The story of BBC Television -
Baird and the BBC
The 'money to develop it' would come from the sale of television sets (or as Baird called them 'Televisors'). However, there was a major snag. In order to sell the sets you have to have programmes to watch - a television service. Baird built a television studio in Long Acre (Covent Garden) and experimented with a small transmitter, but he soon realised that he needed a much more powerful transmitter to broadcast his programmes. The BBC had such a transmitter, called 2LO, situated on the roof of Selfridges in London. 2LO was used for daily 'wireless' programmes, but the BBC service closed down in the evening at about 11pm and often did not re-start until mid-morning. So Baird approached the BBC for permission to use the transmitter during these periods.
Eventually the BBC reluctantly agreed and by the end of 1929 Baird was running a programme of regular television broadcasts which would continue for the next six years. Unfortunately, at first the BBC only had the one transmitter (for television you need two; one for the picture and one for the sound). It meant that for the first six months, television programmes comprised two minutes of picture, followed by two minutes of sound and so on.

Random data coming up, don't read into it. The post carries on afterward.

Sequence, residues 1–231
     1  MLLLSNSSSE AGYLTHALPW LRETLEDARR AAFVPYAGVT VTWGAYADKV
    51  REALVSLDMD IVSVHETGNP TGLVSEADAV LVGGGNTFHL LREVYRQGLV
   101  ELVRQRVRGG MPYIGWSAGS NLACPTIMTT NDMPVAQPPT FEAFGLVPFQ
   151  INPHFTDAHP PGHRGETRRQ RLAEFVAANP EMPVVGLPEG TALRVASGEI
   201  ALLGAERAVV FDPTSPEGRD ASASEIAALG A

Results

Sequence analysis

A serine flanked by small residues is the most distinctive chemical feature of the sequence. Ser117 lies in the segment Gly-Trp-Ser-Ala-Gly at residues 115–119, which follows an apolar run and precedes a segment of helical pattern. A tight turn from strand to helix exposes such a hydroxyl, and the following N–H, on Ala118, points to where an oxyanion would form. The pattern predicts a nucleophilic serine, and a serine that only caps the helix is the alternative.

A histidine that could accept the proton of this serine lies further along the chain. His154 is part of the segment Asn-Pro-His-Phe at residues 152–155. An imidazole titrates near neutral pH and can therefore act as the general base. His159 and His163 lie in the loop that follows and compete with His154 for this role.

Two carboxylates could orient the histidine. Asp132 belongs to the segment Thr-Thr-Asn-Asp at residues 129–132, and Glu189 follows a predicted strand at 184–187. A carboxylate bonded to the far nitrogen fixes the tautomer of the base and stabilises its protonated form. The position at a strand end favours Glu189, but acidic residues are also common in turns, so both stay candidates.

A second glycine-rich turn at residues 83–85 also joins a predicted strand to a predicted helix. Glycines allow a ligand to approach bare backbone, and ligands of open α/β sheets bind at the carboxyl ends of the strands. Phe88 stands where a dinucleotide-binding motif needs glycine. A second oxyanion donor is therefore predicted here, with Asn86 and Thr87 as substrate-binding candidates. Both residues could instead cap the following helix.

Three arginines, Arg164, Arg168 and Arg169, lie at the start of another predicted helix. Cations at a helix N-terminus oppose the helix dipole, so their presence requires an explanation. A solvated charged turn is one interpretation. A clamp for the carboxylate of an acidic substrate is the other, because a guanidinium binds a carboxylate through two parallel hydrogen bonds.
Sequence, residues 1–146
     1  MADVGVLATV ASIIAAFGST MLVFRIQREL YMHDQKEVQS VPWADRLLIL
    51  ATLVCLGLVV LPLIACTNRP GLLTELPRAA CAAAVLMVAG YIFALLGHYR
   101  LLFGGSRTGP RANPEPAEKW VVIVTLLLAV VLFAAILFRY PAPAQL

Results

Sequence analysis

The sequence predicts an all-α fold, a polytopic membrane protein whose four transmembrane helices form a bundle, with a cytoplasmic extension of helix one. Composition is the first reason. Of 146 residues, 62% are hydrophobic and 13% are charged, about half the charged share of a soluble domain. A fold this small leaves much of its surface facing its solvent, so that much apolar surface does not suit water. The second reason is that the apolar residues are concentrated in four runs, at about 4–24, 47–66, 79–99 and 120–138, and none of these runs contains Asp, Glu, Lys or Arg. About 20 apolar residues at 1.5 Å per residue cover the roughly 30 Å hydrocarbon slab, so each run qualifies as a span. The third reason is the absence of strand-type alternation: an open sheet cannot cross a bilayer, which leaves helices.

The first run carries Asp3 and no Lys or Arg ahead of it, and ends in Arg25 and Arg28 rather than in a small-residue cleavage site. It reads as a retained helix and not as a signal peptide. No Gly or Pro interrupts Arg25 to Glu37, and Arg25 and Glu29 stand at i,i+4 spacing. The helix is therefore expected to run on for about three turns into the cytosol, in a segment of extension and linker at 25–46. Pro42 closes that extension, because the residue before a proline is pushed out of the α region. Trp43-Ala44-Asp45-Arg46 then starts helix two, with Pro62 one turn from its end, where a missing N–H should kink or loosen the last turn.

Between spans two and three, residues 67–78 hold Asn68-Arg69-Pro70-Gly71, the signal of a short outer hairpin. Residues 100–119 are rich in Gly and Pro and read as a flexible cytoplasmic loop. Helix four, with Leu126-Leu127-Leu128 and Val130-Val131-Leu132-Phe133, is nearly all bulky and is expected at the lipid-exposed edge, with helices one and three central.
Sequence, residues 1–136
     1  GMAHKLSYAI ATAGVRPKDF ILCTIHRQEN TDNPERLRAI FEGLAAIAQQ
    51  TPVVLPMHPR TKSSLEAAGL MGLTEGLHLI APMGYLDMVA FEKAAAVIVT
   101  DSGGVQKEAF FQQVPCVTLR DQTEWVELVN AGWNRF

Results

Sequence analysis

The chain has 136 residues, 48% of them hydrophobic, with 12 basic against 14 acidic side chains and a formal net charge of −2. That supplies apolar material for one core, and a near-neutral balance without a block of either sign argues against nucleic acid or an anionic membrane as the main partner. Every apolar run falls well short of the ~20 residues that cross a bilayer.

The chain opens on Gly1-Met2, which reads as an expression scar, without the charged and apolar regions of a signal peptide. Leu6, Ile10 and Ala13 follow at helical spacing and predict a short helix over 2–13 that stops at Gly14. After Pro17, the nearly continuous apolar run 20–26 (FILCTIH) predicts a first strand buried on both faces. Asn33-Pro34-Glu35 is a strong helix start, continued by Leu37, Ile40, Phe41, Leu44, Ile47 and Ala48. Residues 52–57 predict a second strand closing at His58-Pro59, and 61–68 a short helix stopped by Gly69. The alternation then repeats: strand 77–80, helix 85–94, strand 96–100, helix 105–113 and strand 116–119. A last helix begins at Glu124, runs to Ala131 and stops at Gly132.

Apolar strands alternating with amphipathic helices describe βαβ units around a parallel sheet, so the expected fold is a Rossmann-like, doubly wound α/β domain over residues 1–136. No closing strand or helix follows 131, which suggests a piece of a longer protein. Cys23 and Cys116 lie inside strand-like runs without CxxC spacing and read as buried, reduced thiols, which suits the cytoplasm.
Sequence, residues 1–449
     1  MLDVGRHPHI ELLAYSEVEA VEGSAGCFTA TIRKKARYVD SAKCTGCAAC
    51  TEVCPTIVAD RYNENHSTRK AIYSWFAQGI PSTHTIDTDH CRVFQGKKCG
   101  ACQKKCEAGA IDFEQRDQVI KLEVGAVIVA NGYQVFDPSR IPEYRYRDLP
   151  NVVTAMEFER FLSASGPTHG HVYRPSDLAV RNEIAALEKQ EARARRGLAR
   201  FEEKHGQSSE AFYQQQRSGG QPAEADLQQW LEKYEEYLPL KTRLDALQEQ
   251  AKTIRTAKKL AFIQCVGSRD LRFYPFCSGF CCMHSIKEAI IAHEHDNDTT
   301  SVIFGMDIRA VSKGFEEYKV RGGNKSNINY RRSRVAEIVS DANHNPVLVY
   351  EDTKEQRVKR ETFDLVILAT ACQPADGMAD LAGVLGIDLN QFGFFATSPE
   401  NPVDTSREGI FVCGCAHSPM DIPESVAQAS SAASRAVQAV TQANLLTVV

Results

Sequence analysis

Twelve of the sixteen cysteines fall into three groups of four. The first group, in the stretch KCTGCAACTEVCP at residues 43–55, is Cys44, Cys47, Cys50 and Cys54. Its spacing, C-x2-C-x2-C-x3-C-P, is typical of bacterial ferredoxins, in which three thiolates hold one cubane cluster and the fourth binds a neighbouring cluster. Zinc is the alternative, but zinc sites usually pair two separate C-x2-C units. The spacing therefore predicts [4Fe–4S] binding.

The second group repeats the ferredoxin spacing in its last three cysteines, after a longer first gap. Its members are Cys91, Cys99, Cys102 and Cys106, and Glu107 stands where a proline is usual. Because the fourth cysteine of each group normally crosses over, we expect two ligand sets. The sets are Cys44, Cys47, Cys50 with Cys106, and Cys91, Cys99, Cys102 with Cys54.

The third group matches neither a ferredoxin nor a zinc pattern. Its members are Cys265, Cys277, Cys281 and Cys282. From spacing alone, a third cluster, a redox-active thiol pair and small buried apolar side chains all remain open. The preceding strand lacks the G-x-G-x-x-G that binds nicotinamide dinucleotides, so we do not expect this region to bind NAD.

By March 1930 the BBC had opened a second radio transmitter, and so simultaneous sound and picture transmissions began. Three months later Baird televised the first play to be transmitted on television in this country - Pirandello's The Man with a Flower in his Mouth. Produced by the BBC's Lance Sieveking, the play had been chosen because it only had three characters, plenty of long speeches and very little action. The actors, daubed with a strange blue and yellow make-up to compensate for deficiencies in the camera system, took turns to slide into a fixed seat in front of the camera, which could only show one head at a time.
A senior member of staff is unimpressed after viewing a demonstration of the early Baird system in 1928.
At the end of 1932 the BBC took over the programme making, having built a television studio in the basement of Broadcasting House. Regular daily transmissions, watched by several thousand enthusiasts who had bought Baird Televisors, continued until 1935, when the system was shut down ahead of the launch of the first regular ‘high-definition' service in November 1936.